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Wild dogs attackes mules in Gasa
October 2003
wild dog
Wild dogs have killed 24 mules, six cattle and two yaks since the beginning of this year in Gasa, the country's northernmost dzongkhag.
"The number may be higher because some incidents go unreported," the deputy warden of the Jigme Dorji Wangchuck national park, said.

The park warden reported that although there were numerous wild dog attacks on the domestic animals in the past the problem was aggravated this year.

"The people of Gasa are traumatised by the number of mules the wild dogs killed this year," he said. "Wild dogs are native animals found in almost all parts of the country."

The wild dogs, according to Gasaps, hunt during the day in packs of seven to eight dogs.The cattle and other domestic animals that are left free in the forest to graze are easy victims for these wild dogs. Cattle herders have reported that when they tried shooing the wild dogs away, they were snarled at and had to retreat for safety.

Farmers who saw the wild dogs described them as looking more like the domestic dogs, only wilder and aggressive.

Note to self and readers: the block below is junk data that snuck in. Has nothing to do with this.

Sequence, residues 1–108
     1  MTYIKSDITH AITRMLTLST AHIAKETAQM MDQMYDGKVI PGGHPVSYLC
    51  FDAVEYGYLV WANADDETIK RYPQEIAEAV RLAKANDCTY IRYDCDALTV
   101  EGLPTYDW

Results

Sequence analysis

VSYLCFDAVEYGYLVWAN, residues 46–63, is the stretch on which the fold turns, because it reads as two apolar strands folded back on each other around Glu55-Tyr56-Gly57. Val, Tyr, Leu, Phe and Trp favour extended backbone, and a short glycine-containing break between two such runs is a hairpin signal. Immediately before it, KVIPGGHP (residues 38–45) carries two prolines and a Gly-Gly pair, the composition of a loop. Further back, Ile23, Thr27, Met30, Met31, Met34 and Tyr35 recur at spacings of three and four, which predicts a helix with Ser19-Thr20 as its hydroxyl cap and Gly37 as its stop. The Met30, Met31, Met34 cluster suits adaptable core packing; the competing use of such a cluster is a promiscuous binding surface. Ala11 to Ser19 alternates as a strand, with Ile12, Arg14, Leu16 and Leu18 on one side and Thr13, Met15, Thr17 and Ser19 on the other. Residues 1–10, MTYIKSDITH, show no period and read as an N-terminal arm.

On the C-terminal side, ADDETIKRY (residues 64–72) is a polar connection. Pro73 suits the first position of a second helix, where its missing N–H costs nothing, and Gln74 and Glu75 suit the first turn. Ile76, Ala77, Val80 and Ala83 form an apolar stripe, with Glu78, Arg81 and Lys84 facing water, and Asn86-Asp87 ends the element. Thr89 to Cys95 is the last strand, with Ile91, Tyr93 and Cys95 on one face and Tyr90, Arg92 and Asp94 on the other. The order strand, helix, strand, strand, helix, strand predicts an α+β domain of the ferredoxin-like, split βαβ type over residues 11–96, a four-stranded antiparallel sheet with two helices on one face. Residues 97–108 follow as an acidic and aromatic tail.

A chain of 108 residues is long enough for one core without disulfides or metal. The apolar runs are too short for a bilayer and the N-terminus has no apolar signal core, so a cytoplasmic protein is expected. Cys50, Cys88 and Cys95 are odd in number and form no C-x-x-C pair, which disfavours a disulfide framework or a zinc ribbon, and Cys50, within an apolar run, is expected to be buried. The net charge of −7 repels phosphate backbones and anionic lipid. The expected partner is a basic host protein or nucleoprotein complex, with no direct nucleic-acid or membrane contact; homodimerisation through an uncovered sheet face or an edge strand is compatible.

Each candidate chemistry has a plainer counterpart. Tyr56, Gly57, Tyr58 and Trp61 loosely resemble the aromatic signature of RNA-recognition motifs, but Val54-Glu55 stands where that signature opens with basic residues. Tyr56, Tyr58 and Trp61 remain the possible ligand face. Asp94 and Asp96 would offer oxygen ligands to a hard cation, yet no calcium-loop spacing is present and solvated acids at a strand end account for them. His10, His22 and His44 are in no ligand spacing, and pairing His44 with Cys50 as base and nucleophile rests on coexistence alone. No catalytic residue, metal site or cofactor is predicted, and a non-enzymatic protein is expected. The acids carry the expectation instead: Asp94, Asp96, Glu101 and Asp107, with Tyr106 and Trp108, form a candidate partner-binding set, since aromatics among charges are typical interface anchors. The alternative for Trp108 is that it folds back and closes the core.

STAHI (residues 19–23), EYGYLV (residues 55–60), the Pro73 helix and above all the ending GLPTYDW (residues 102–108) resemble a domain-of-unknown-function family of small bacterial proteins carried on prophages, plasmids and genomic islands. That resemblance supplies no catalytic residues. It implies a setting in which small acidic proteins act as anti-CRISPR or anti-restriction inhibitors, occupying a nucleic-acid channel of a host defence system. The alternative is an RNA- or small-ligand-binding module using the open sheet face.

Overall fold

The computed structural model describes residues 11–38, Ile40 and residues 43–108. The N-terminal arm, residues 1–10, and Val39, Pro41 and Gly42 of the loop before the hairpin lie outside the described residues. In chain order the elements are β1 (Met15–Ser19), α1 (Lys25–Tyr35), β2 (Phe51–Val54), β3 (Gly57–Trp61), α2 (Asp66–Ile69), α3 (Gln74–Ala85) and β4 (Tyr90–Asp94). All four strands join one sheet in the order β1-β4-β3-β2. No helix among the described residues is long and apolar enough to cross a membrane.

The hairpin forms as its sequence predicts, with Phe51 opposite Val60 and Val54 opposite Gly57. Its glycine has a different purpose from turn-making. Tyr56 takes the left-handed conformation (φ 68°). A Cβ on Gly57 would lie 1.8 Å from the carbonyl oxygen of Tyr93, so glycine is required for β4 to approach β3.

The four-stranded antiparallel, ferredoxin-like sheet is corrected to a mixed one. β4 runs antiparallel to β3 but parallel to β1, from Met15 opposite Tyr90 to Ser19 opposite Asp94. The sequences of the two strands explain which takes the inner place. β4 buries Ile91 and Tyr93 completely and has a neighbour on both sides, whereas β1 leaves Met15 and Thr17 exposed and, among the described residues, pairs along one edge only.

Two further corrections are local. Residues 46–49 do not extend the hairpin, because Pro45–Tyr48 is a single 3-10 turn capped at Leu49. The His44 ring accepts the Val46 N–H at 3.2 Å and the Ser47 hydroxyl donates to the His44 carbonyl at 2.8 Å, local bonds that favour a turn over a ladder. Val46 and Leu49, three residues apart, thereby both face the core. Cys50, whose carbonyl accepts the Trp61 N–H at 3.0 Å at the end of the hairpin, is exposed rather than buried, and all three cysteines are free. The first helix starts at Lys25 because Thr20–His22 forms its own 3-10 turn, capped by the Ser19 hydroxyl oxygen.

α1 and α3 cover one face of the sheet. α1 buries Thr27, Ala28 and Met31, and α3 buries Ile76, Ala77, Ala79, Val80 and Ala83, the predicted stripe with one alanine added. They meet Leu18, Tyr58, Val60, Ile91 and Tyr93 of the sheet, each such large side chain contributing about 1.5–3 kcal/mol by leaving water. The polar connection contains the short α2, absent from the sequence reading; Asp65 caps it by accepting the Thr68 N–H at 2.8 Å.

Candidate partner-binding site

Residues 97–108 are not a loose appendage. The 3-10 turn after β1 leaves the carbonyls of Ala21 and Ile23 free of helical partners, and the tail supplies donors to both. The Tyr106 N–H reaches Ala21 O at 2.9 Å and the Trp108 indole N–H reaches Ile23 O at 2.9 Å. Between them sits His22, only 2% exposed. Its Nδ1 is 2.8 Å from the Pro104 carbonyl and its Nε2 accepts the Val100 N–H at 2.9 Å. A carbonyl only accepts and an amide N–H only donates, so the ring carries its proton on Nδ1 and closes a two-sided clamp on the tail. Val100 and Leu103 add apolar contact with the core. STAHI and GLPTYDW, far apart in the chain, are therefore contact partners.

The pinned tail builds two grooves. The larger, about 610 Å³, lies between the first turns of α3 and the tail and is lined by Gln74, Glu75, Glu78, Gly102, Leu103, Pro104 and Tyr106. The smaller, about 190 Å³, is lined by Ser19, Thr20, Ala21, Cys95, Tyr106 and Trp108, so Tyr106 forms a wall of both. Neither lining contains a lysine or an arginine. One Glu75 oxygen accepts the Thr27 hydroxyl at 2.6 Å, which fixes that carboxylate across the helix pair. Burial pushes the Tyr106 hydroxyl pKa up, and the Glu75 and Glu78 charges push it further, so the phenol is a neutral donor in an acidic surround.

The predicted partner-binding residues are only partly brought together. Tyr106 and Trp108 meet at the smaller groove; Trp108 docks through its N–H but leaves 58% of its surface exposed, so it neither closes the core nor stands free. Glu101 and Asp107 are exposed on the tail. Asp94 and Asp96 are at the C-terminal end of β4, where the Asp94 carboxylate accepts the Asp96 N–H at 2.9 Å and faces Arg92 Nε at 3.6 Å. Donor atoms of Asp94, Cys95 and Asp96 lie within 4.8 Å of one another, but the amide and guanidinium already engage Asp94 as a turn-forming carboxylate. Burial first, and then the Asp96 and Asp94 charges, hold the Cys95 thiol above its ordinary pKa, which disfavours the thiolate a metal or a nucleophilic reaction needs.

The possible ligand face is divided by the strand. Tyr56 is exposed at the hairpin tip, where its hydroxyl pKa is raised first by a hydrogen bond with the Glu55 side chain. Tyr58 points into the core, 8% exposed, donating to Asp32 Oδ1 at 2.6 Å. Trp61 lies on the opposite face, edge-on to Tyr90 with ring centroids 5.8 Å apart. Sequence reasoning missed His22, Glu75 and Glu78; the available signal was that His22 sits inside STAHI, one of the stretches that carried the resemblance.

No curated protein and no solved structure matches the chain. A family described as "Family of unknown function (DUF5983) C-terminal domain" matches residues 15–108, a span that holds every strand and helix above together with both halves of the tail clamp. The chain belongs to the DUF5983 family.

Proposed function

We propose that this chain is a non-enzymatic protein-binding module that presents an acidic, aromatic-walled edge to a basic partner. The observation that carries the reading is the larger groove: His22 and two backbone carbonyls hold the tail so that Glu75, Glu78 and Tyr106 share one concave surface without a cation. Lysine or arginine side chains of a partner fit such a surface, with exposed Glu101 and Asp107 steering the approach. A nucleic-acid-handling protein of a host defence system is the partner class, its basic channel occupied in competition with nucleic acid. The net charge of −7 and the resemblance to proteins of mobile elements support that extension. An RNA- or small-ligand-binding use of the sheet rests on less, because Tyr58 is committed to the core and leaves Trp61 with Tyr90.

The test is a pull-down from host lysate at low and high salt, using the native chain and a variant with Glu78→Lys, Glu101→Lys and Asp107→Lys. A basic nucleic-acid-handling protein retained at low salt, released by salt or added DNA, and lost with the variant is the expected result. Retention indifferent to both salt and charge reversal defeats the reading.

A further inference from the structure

The forest officers in Gasa do not know the wild dog population but have plans to do a population survey soon. According to the deputy warden the people of Gasa are exasperated with the continual problem and threats posed by wild dogs. "They want some kind of compensation for the loss of their domestic animals or they want to do away with the wild dogs once and for all," said Phuntsho.

Although wild dogs are not listed in schedule-I of the forest and nature conservation act, 1995 as protected animals, their presence was necessary in the forest ecosystem to maintain the ecological balance, said a nature conservation division official. "They maintain the prey population." Gasa dzongkhag's livestock sector is introducing an insurance scheme for the horse owners. The scheme, according, Phuntsho said, would provide some financial assistance to the farmers who have lost their horses to wild dogs.

In the mid-70s, the government initiated a mass poisoning of wild dogs that traumatised farmers and killed their cattle. Most carnivores were killed and soon forgotten.
But after nearly 22 years, the wild dogs made a come back in January this year killing cattle and domestic animals in the lower Kheng region in Zhemgang.

 

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